Mathbreakers is a 3D math game in which students learn concepts like fractions, integers and negative numbers intrinsically while exploring the virtual world. The game is available to download on laptops and PC’s for both Mac and Windows, as well as the Microsoft Surface. It is available for a one-time fee of $25 for individual use, as well as an annual license of $50 per student for schools and districts that also includes CCSS lesson plans and student progress tracking. As of July 11, 2014, MathBreakers was used by over 1,000 students in over 100 schools.
Mathbreakers is a 3D math game in which students learn concepts like fractions, integers and negative numbers intrinsically while exploring the virtual world. The product was designed to get students excited about learning math without even realizing it.
Teachers can check out a series of pre-designed, CCSS-aligned lesson plans and assign them to students. As students navigate through the game, teachers can track their progress and comprehension as it relates to the concepts incorporated in the assigned lesson on a real-time dashboard. The game uses this data to continually adapt the puzzles and challenges, so the student is constantly challenged at or above their math ability.
The MathBreakers game is available to download on laptops and PC’s for both Mac and Windows, as well as the Microsoft Surface. Teachers can access the sample lessons and progress dashboard on any browser.
Once MathBreakers is downloaded onto the computers that students will be using, it’s easy for them to get started. The game and corresponding lessons are designed to be an engaging supplement to a teacher’s normal in-class instruction and assigned homework.
The MathBreakers game is available for teacher’s to try for free for 3 months without the additional features. Schools and districts can purchase a yearly license that costs $50 per student per year, which includes the Common Core Dashboard, lesson plans and student progress tracking. Students or parents can purchase an individual game license for one computer for a one-time fee of $25.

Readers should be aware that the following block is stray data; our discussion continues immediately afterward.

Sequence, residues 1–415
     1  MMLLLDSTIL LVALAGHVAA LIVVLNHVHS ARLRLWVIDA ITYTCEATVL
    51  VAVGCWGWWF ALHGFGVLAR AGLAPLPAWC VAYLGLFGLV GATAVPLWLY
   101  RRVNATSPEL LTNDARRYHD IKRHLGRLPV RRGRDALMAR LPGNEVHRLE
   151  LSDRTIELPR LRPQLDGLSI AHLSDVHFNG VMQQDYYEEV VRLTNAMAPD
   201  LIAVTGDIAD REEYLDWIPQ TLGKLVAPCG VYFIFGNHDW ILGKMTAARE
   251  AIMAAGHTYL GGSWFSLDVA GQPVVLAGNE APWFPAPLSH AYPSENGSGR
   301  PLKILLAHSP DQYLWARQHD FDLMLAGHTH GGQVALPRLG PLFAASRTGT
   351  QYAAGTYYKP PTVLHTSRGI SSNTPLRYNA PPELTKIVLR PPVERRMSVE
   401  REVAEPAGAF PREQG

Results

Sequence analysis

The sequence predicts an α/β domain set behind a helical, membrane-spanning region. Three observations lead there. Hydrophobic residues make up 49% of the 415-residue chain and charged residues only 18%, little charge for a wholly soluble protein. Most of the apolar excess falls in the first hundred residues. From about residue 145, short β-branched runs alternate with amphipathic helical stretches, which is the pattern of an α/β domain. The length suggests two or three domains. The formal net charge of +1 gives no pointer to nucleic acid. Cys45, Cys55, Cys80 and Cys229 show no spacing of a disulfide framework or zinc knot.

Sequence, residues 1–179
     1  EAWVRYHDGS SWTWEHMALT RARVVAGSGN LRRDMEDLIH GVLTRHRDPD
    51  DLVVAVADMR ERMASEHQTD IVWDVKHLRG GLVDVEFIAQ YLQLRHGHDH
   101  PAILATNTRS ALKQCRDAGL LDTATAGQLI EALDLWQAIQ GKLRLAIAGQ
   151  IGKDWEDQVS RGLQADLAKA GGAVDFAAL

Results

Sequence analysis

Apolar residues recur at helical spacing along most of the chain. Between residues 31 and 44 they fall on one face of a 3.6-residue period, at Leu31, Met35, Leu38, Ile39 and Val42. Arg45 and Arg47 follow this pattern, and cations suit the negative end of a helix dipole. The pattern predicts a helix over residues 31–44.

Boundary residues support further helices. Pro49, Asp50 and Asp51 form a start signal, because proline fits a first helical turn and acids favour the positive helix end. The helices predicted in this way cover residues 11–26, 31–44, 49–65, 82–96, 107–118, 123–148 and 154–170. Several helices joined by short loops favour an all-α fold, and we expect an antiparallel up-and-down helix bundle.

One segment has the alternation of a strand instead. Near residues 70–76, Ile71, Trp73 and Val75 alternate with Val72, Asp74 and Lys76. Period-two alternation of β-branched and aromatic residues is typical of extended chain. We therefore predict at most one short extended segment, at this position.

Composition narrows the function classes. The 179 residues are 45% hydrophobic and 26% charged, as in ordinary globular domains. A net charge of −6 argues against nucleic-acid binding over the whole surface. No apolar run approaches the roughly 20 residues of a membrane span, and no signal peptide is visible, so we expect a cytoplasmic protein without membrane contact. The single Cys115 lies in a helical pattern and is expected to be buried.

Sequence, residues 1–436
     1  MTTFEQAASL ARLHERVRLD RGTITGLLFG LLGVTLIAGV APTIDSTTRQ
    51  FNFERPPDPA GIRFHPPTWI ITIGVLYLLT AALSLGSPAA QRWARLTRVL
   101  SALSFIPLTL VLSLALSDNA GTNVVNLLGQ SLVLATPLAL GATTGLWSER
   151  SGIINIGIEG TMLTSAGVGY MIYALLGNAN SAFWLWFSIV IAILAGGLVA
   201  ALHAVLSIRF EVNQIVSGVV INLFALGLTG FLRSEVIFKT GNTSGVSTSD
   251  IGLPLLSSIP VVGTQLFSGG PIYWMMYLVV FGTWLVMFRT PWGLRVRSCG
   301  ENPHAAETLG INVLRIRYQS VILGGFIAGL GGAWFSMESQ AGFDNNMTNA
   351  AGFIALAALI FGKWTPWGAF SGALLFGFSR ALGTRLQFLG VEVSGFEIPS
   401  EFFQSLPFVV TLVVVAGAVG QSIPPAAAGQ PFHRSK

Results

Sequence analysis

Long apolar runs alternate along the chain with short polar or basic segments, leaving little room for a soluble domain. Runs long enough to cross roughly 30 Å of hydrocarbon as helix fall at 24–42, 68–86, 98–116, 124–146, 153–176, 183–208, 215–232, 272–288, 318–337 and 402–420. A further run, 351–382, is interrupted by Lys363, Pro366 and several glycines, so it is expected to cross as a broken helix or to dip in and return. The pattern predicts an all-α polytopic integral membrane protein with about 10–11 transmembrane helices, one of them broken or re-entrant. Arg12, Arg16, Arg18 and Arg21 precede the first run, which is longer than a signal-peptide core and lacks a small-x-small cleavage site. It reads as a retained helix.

WHO IS USING IT:
As of July 11, 2014, MathBreakers was used by over 1,000 students in over 100 schools.
Mathbreakers is a math video game and level editor that lets students and teachers build and share their own math puzzles, gadgets, and monsters. It is currently under development by Imaginary Number Co., a Mountain View-based startup founded to disrupt STEM education with community-driven games. The first release will include topics covered in grades 1-6, including arithmetic, fractions, factoring, powers, multiples, negatives, and prime numbers.
Numbers are a tactile, interactive part of the game. Kids learn by battling number monsters and solving logic puzzles with gadgets and spells, and by creating and sharing their own math game levels. As players explore the 3D game world, they are presented with monsters and other obstacles, each of which has one number on it. One way to beat them is to pick up small spheres that also have numbers on them and throw or shoot them at the monster, adding each sphere’s value to the value on the monster and destroying it if it reaches 0. Players can change the values of the spheres in the same way by combining them. As the puzzles grow more difficult, players are introduced to more mathematical tools: gates that multiply all the numbers you’re carrying by a certain amount when you walk through them, a sword that splits numbers in two, a “multiply wave” that multiplies the value of everything in its path by the value of the sphere you give it, and a “factor hammer” that breaks objects into its prime factors, to name a few. Imaginary Number Co. plans to add a multiplayer mode and a level editor in the near future.
A free prototype version of the game is available on the Mathbreakers website, and teachers can pay a one-time fee to pre-order individual licenses, which will include the Alpha version of the game when it is released and all future in-house updates for the PC/Mac downloadable version.
Are you a teacher or administrator who has used this product? Be the first to share your experiences with others by writing a Case Study:
Make it so advanced math classes can also play. Different game modes. Use the same math games in the game to fight off monsters or s...
It is more of a question, would it run on older devices? What is the minimum system requirements? I would want a game that would pinpoint the standards covered in a math topic, i.e. addition concept...